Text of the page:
He acknowledged that transforming the lowest, the poorest, and the least affordable people is a priority. He emphasized the need to teach children business acumen. And he made a change in the admission regulation for ILPs, that there is no need any longer to have a pass in BM and history. He said students should be able to enroll as long as they were willing to study.

He predicted that My Skills will become the largest institution in (in this category); he will try to assist he said and that MySkills will become “the brand of this country”. Probably he surprised the audience by revealing that Malaysia is a country with the largest number of migrant workers. He congratulated MySkills by saying it was a fantastic name to have. It was very inspiring to hear from the Minister of Human Resources of his desire to come to MySkills whenever he had the time. And it was even more inspiring to hear “you have done what have been dreaming about; poverty is beyond skin colour. And he concluded aptly with the words “I fully support and endorse the work for the poor”.

Mr. Deva then informed YB Kula that he must accept some gifts from MySkills but which in no way will be unacceptable. These were the Annnual Reports and a basket of vegetables and fruit, all cultivated and cared for by the students.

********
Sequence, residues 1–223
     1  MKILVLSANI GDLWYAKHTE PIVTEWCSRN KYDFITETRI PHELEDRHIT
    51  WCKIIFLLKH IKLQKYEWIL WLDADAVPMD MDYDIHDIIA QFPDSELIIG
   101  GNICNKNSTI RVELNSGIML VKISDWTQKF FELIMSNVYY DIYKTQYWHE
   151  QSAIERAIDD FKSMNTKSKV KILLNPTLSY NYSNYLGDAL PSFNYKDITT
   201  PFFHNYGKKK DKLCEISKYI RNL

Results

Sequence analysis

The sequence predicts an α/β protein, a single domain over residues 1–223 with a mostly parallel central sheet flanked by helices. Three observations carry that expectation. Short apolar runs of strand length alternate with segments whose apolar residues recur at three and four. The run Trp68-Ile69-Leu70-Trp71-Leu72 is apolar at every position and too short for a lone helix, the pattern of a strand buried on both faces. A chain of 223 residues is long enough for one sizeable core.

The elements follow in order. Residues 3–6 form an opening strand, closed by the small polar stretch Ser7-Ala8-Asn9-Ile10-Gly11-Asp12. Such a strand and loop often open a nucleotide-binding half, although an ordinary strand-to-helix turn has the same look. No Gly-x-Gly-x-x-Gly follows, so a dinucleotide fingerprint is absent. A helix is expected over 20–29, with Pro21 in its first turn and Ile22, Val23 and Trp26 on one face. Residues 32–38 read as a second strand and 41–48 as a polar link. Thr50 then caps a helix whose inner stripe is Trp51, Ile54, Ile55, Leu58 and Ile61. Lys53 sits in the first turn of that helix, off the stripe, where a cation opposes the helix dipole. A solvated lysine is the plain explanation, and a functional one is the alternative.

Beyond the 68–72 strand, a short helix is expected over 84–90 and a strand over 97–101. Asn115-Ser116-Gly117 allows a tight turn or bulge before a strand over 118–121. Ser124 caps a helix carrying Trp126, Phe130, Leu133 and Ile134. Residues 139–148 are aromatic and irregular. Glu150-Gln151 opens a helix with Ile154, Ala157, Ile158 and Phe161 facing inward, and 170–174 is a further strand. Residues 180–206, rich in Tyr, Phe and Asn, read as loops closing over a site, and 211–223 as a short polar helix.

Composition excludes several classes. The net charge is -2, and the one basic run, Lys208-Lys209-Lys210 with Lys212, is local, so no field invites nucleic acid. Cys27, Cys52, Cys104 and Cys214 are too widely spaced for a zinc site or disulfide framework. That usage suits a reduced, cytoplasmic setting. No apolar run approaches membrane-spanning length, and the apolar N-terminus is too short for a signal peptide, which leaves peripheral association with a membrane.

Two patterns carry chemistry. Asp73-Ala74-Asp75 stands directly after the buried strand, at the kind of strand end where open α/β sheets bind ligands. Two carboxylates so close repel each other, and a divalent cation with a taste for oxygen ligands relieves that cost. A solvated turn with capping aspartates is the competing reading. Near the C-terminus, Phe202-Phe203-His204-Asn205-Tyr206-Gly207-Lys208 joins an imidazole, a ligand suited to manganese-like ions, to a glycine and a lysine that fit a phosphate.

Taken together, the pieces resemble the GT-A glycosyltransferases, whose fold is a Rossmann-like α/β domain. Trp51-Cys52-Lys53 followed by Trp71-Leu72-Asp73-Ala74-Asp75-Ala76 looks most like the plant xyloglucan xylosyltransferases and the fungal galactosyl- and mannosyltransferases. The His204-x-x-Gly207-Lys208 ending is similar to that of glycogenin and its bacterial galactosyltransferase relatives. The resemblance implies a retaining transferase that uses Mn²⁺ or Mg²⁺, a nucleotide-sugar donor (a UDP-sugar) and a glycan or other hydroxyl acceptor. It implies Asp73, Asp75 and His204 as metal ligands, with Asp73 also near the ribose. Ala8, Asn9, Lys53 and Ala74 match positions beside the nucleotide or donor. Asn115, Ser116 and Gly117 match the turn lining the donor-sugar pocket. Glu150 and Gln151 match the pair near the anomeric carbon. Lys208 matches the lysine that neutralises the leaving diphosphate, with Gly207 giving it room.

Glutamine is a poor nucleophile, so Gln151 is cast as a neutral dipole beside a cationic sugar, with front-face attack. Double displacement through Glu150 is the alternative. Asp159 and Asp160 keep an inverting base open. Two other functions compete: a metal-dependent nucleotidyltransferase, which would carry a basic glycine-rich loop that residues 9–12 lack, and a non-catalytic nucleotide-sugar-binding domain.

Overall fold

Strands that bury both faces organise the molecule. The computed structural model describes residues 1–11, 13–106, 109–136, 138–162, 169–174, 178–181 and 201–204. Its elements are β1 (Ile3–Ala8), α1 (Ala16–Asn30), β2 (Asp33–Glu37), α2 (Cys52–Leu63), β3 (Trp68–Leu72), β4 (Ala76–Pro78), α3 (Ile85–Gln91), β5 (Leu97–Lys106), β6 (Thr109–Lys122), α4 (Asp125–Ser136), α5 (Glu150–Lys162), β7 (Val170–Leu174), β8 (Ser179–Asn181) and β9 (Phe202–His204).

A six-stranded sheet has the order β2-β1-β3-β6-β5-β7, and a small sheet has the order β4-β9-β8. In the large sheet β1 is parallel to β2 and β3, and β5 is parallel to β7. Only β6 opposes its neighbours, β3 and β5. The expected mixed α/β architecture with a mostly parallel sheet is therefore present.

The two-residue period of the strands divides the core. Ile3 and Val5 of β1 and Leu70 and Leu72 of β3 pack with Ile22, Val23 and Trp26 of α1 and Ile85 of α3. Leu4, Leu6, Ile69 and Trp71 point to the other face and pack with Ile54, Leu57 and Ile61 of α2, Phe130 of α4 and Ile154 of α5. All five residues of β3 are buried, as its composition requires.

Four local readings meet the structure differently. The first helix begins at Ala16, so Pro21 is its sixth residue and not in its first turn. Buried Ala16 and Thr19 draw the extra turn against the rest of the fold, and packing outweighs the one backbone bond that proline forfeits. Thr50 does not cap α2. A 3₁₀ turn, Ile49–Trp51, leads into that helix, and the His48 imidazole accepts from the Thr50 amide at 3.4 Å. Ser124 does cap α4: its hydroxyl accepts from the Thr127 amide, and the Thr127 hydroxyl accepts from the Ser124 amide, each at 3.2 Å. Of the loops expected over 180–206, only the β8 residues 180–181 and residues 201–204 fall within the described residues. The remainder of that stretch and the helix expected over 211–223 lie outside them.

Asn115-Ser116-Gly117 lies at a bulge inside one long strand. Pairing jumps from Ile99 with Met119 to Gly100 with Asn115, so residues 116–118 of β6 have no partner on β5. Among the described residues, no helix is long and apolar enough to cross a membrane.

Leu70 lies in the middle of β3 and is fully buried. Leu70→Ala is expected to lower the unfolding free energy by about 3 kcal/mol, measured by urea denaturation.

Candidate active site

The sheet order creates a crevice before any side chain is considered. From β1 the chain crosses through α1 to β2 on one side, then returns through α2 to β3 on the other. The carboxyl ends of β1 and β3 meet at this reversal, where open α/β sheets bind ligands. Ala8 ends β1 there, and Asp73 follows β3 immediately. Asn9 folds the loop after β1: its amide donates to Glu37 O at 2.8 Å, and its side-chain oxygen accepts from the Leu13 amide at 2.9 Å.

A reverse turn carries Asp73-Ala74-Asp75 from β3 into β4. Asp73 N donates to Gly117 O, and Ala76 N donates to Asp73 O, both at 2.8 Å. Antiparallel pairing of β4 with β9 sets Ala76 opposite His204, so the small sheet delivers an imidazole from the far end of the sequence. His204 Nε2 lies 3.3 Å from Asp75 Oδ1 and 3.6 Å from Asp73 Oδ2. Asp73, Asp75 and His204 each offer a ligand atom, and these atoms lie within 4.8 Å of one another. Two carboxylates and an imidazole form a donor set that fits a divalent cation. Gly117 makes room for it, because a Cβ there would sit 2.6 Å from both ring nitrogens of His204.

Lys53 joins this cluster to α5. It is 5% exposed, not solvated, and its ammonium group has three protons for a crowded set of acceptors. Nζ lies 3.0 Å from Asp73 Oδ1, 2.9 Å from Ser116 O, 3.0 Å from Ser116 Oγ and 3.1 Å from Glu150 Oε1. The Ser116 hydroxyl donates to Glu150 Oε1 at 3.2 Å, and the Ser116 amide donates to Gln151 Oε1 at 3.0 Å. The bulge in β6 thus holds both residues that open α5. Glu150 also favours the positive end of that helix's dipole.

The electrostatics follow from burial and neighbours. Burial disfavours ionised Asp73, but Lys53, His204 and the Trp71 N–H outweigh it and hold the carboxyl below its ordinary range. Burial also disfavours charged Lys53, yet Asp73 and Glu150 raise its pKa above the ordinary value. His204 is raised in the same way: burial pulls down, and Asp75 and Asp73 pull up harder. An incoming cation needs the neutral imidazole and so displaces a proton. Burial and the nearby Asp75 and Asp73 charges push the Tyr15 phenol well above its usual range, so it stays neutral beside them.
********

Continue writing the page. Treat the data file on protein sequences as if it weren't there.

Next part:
It was evident that YB Kula was quite reluctant to leave the campus; he was still engaged with different groups during and after the light refreshments served. But having a dinner appointment he left with his police escort at about 630pm for Ipoh.

The weather that day started bleak, with rain clouds heavy in the air. It poured several times but somehow, it cleared in time for this special informal event at very short notice. MySkills, true to it forms, treat every visitor with seriousness and with respect; and so everything was in place, with students even, bussed down from KL and Port Klang.

Contributed by Ms. Veronica Anne Retnam, MySkills Volunteer (Mobile: 016 6687900; varetnam162@gmail.com)

 

 

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J.P. Morgan and MySkills Foundation in partnership to prepare disadvantaged youth in Malaysia for careers in high-demand sectors

Kuala Lumpur, September 21, 2018 – Global banking and financial services provider J.P. Morgan and youth vocational training organization MySkills Foundation (MSF) today launched a demand-led workforce readiness initiative to empower at-risk youth in Malaysia to complete their education and obtain relevant skill sets for gainful employment.

J.P. Morgan is supporting MSF over 24 months to train 300 underserved youth between the ages of 14 and 18 to equip them with electrical, plumbing, air-conditioning, life management and soft skills that will allow them to transition into higher paying jobs upon graduation. MSF typically recruits young people who have dropped out of the mainstream education system, and who need holistic support to transform their career trajectories. With curriculum enhancements and greater emphasis on providing industry linkages and on-the-job training, MSF expects to see significant reductions in drop-out rates among its students and higher-paying jobs for its graduates.